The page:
Robert De Niro
- Category : Actor
- Type : ME
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- Incarnation Cross : LAX Revolution 2
Robert Mario De Niro Jr., credited professionally as Robert De Niro (born August 17, 1943), is a highly acclaimed, two-time Academy Award-winning American film actor, director, and producer.
He is noted for his portrayal of conflicted, troubled characters, and for his enduring collaboration with director Martin Scorsese, and early work with director Brian De Palma. He is considered by many to be the greatest actor of his generation and one of the world's greatest living actors.
He is the son of the noted painter Robert De Niro, Sr.
Early film career
At the age of 20, in 1963, came De Niro's first film role and collaboration with Brian De Palma, when he appeared in The Wedding Party; it was not released until 1969, however. He spent much of the 1960s working in theater workshops and off-Broadway productions. He was an extra in the French film Three Rooms in Manhattan (1965), and made his official film debut after he reunited with De Palma in Greetings (1968) and later reprised his Greetings role in Hi, Mom (1970).
He gained popular attention with his role as a dying Major League baseball player in Bang the Drum Slowly (1973). The same year he began his fruitful collaboration with Scorsese when he played his memorable role as the smalltime Mafia hood "Johnny Boy" alongside Harvey Keitel's "Charlie" in Mean Streets (1973). In 1974, De Niro played a pivotal role in Francis Coppola's The Godfather Part II playing young Don Vito Corleone. His performance earned him his first Academy Award of Best Supporting Actor.
After working with him in Mean Streets he had a very successful working relationship with Scorcese in films such as Taxi Driver (1976), New York, New York (1977), Raging Bull (1980), The King of Comedy (1983), Goodfellas (1990), Cape Fear (1991), and Casino (1995).
In these films, De Niro has primarily played charming sociopaths. Taxi Driver is particularly important to De Niro's career; his iconic performance as Travis Bickle shot him to stardom and forever linked De Niro's name with Bickle's famous "You talkin' to me?" monologue, which De Niro improvised himself.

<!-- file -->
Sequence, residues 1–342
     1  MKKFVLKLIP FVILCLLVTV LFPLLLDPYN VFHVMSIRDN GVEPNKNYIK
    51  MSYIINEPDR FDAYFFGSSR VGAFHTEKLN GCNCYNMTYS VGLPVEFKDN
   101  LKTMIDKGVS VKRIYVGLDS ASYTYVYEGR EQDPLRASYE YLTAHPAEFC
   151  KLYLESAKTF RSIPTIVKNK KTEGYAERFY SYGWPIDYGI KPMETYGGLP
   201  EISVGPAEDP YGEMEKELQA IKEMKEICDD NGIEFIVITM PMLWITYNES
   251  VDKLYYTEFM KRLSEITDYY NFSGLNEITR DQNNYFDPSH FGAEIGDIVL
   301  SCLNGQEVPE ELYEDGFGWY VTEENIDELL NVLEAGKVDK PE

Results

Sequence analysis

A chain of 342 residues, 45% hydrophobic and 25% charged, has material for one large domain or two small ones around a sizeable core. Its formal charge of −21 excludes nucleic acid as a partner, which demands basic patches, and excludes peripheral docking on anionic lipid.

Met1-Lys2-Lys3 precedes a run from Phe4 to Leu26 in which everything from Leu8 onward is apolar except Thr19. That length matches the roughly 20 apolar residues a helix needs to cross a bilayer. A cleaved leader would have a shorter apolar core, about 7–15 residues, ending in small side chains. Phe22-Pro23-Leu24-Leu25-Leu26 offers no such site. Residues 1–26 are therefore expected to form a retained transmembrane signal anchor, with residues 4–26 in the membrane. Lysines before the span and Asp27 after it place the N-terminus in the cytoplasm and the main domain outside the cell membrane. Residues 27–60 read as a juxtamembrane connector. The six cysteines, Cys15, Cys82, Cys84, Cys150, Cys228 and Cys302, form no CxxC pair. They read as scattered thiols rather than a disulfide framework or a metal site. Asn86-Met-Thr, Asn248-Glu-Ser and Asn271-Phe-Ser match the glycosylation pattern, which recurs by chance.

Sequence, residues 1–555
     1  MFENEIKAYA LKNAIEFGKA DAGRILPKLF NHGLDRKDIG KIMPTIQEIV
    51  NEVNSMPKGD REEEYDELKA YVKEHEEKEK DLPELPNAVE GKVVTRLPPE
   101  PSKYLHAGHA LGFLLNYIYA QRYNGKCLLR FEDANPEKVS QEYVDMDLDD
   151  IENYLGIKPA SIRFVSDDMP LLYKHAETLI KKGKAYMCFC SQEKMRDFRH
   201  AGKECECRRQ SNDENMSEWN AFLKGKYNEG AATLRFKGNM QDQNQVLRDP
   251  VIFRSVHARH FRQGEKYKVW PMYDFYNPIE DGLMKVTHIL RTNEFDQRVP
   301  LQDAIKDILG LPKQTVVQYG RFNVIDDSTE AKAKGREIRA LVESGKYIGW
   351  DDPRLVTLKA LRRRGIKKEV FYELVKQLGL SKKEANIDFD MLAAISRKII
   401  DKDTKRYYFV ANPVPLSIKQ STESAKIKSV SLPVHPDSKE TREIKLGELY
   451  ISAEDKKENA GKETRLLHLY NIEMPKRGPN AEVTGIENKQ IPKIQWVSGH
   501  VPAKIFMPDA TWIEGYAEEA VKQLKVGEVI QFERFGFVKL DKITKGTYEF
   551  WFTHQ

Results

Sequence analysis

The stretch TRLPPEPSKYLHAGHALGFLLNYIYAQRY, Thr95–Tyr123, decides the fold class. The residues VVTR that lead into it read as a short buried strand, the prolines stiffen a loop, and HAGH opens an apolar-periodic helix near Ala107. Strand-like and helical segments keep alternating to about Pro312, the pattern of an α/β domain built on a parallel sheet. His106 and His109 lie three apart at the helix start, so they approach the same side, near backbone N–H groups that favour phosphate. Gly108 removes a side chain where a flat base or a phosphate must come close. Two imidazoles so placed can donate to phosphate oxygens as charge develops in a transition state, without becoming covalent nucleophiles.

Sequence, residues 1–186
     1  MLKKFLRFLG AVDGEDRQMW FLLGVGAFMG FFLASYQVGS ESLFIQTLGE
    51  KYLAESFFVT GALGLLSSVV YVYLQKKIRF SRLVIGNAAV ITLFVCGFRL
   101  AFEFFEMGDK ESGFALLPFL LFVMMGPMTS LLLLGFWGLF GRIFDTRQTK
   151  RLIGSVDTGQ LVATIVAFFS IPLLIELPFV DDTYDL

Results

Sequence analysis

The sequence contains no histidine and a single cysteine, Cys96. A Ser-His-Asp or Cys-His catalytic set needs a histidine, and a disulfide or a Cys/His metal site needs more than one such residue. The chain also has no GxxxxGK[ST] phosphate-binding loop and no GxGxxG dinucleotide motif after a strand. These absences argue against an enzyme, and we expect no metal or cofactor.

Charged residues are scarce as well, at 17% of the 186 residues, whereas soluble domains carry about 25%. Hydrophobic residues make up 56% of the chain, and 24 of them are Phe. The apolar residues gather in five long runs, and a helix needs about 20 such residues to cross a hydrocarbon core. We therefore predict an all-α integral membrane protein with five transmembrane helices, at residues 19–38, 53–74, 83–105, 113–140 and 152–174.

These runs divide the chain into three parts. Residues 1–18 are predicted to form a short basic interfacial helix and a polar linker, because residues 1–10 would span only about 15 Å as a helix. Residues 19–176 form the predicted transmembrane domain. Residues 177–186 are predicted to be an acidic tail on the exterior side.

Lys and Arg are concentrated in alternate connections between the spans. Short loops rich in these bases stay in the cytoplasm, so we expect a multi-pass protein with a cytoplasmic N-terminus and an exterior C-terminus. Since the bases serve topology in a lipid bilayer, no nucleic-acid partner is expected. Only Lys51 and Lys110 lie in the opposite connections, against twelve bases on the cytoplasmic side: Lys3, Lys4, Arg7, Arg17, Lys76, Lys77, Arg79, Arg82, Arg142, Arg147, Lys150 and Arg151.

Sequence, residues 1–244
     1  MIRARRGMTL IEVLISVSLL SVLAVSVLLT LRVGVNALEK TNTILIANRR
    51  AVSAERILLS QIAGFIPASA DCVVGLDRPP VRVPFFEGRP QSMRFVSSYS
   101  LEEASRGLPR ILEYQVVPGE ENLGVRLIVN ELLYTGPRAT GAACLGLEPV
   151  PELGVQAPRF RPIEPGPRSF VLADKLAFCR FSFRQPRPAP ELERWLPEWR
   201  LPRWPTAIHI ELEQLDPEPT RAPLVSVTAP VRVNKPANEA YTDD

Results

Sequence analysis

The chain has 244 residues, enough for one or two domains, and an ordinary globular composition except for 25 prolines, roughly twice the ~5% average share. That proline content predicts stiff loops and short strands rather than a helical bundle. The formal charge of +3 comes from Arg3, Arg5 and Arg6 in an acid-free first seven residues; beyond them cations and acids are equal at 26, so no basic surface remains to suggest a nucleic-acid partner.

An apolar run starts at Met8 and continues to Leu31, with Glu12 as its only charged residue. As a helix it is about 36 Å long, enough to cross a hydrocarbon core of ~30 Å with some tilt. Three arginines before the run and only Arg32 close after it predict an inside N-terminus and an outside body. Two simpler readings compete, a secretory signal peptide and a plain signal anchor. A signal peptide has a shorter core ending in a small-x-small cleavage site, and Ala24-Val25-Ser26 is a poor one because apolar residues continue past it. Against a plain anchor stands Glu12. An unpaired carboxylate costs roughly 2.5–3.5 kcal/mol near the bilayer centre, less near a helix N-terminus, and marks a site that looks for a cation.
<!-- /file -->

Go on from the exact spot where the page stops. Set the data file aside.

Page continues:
"You talkin' to me?" Alone in his apartment, De Niro as Travis postures and practices his moves in front of the mirrorIn 1976 De Niro appeared, along with Gerard Depardieu, in Bernardo Bertolucci's epic biographical exploration of life during World War II, Novecento (1900), seen through the eyes of two Italian childhood friends at the opposite sides of society's hierarchy.
In 1978, De Niro played "Michael Vronsky" in the acclaimed Vietnam War film The Deer Hunter, for which he was nominated for Best Actor in a Leading Role .
He was offered role of Cowboy in director Walter Hill's The Warriors (1979) but turned it down. The role went instead to Tom McKitterick.
Later film career
Praised for his commitment to roles (stemming from his background in Method acting), De Niro gained 60 pounds (27 kg) and learned how to box for his portrayal of Jake LaMotta in Raging Bull, ground his teeth for Cape Fear, lived in Sicily for The Godfather Part II, and learned to play the saxophone for New York, New York. He also put on weight and shaved his hairline to play Al Capone in The Untouchables.